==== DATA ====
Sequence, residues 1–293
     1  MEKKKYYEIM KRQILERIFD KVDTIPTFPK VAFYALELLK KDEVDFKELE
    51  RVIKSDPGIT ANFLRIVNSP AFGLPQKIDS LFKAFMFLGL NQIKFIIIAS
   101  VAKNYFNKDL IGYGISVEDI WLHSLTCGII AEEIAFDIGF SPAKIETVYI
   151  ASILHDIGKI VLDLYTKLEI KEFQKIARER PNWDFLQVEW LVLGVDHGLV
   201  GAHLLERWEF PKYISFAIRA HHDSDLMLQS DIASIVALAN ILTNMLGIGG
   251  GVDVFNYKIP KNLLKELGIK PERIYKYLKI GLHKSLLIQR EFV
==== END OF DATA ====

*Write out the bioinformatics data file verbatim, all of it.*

Sequence, residues 1–293
     1  MEKKKYYEIM KRQILERIFD KVDTIPTFPK VAFYALELLK KDEVDFKELE
    51  RVIKSDPGIT ANFLRIVNSP AFGLPQKIDS LFKAFMFLGL NQIKFIIIAS
   101  VAKNYFNKDL IGYGISVEDI WLHSLTCGII AEEIAFDIGF SPAKIETVYI
   151  ASILHDIGKI VLDLYTKLEI KEFQKIARER PNWDFLQVEW LVLGVDHGLV
   201  GAHLLERWEF PKYISFAIRA HHDSDLMLQS DIASIVALAN ILTNMLGIGG
   251  GVDVFNYKIP KNLLKELGIK PERIYKYLKI GLHKSLLIQR EFV